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Renewable-Energy Bill Remains in Committee

July 2, 2008 — While the lack of a quorum alone Wednesday would have kept the renewable-energy bill in committee, the hot legislation needed some fine tuning to ready it for the Senate's consideration.
"I never intended for us to take a vote on this bill today," Sen. Louis P. Hill said. "We need to schedule another hearing on St. Croix. We need as much participation as we can get to make it a better bill, a more perfect bill."
There was little need to convince the committee that the territory needs to make drastic adjustment to its energy-consumption methods and habits.
"There are all sorts of arguments that we can find not to change, but we should consider the consequence of us doing nothing," Hill said. "A bill is a step in the right direction."
The testifiers who came to the hearing of the Senate's Planning and Environmental Protection Committee represented a broad cross section of the territory, representing the government, private industry, environmental activists, community groups and individuals.
"I am living proof that PV [solar photovoltaic panels] works," said Alfred Neumann of St. Thomas. "My house has been powered by solar PV for the past 27 years."
Seven senators sponsored the bill, which encourages development of renewable energy on both large-scale infrastructure development and small homeowner scale, as well as commercial renewable-energy use.
The bill mandates that 70 percent of new construction in the territory be built with solar water-heating systems, which will be administered by the building-permit process.
The bill also offers tax credits for the purchase and installation of solar equipment. Individuals or corporations may claim "100 percent of the actual cost of the solar equipment or of parts and labor and expenses incurred in its installation …."
The legislation also calls for an exemption for customs duties and excise tax for the equipment.
While the bill's name implies legislation for a broad spectrum of renewable-energy sources, it is written almost exclusively for solar-energy systems, something that Gordon Anderson, president of Green Power Electric, sought to change. The core business of Anderson's company is the small wind-turbine market.
Anderson suggested the scope of the legislation be widened to encompass wind-energy sources.
"This bill is heavily slanted toward solar," Anderson said. "All duty-free and tax credits are for solar. The capital outlay for solar is 2.5 times that of the outlay for wind. I am asking you to give equal ground for wind power."
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July 2, 2008 -- While the lack of a quorum alone Wednesday would have kept the renewable-energy bill in committee, the hot legislation needed some fine tuning to ready it for the Senate's consideration.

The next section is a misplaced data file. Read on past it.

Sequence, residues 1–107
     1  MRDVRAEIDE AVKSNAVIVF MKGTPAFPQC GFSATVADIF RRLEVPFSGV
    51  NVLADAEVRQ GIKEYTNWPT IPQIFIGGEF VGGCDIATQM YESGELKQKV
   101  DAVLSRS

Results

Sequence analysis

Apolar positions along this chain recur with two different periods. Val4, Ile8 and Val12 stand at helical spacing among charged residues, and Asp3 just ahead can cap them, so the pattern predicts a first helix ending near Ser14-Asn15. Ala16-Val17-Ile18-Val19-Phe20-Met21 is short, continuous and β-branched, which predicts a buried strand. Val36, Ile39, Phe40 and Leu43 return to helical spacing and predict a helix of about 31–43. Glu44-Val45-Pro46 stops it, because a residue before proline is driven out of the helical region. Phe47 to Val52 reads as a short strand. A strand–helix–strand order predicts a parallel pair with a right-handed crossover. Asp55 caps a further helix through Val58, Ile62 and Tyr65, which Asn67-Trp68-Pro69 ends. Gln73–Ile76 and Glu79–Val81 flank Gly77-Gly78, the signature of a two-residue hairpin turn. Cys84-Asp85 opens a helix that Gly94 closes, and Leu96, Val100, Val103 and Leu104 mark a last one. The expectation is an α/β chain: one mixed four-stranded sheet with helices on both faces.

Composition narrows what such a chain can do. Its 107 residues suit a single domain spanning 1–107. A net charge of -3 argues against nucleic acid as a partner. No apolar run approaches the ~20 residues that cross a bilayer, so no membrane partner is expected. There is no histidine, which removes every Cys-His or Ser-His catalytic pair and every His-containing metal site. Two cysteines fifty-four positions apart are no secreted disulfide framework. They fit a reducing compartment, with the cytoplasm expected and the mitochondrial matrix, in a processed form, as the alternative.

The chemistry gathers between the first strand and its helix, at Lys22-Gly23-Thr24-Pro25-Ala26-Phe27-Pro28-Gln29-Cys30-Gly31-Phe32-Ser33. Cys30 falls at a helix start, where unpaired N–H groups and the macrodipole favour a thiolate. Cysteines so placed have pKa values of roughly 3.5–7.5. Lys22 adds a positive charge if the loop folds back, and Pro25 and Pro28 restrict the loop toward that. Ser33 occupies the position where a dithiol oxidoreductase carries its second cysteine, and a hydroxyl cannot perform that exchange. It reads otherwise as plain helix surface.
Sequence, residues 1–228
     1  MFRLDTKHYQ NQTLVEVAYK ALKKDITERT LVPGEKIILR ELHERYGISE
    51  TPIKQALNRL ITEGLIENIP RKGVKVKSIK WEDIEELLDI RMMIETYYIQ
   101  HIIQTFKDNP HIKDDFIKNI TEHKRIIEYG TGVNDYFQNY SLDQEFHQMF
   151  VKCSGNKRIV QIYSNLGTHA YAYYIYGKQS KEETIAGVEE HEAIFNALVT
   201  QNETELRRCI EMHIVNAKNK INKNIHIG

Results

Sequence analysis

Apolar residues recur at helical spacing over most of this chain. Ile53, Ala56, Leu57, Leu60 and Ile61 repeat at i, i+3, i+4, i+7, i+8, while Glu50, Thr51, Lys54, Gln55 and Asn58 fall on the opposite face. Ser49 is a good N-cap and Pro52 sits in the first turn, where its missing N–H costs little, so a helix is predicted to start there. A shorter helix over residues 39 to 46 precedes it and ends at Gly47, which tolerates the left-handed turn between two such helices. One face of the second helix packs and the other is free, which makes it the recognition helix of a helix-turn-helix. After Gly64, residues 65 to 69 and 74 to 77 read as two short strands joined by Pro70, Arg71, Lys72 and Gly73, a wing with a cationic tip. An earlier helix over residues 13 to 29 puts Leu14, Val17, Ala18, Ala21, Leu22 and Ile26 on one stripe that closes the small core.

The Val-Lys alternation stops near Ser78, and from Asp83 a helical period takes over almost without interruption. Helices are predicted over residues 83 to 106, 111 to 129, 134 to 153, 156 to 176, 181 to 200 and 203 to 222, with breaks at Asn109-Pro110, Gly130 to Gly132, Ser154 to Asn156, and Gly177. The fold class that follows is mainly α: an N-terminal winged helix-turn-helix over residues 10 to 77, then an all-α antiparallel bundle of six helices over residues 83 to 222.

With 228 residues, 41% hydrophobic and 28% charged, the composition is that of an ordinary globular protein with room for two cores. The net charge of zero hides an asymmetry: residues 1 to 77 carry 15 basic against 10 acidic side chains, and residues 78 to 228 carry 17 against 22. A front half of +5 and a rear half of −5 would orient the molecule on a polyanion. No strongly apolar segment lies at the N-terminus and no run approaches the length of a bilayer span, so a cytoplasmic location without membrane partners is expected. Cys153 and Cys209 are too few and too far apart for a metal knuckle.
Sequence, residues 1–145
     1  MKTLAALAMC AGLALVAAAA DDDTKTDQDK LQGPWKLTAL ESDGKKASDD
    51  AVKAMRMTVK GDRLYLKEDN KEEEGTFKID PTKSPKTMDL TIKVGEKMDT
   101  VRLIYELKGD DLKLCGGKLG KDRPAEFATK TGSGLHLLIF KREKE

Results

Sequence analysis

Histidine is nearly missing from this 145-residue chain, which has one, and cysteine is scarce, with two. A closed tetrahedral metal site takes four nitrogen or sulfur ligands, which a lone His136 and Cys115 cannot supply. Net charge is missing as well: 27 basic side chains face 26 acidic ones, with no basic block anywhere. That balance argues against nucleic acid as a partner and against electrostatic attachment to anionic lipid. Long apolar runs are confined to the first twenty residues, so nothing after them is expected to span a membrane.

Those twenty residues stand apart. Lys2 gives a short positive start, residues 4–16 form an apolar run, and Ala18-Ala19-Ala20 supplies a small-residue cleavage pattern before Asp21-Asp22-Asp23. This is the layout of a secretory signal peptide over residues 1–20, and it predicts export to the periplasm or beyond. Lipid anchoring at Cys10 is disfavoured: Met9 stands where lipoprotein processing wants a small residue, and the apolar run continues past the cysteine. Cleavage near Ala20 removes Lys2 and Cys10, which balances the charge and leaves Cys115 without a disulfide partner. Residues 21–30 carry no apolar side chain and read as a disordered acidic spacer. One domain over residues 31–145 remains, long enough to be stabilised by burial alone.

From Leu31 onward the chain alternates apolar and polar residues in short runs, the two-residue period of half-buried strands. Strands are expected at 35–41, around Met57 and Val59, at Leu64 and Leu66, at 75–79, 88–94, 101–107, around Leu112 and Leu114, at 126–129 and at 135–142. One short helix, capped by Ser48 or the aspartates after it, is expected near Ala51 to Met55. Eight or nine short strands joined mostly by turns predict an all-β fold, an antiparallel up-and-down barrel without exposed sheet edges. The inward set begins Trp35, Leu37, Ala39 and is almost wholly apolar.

"I never intended for us to take a vote on this bill today," Sen. Louis P. Hill said. "We need to schedule another hearing on St. Croix. We need as much participation as we can get to make it a better bill, a more perfect bill."
There was little need to convince the committee that the territory needs to make drastic adjustment to its energy-consumption methods and habits.
"There are all sorts of arguments that we can find not to change, but we should consider the consequence of us doing nothing," Hill said. "A bill is a step in the right direction."
The testifiers who came to the hearing of the Senate's Planning and Environmental Protection Committee represented a broad cross section of the territory, representing the government, private industry, environmental activists, community groups and individuals.
"I am living proof that PV [solar photovoltaic panels] works," said Alfred Neumann of St. Thomas. "My house has been powered by solar PV for the past 27 years."
Seven senators sponsored the bill, which encourages development of renewable energy on both large-scale infrastructure development and small homeowner scale, as well as commercial renewable-energy use.
The bill mandates that 70 percent of new construction in the territory be built with solar water-heating systems, which will be administered by the building-permit process.
The bill also offers tax credits for the purchase and installation of solar equipment. Individuals or corporations may claim "100 percent of the actual cost of the solar equipment or of parts and labor and expenses incurred in its installation ...."
The legislation also calls for an exemption for customs duties and excise tax for the equipment.
While the bill's name implies legislation for a broad spectrum of renewable-energy sources, it is written almost exclusively for solar-energy systems, something that Gordon Anderson, president of Green Power Electric, sought to change. The core business of Anderson's company is the small wind-turbine market.
Anderson suggested the scope of the legislation be widened to encompass wind-energy sources.
"This bill is heavily slanted toward solar," Anderson said. "All duty-free and tax credits are for solar. The capital outlay for solar is 2.5 times that of the outlay for wind. I am asking you to give equal ground for wind power."
Back Talk Share your reaction to this news with other Source readers. Please include headline, your name and city and state/country or island where you reside.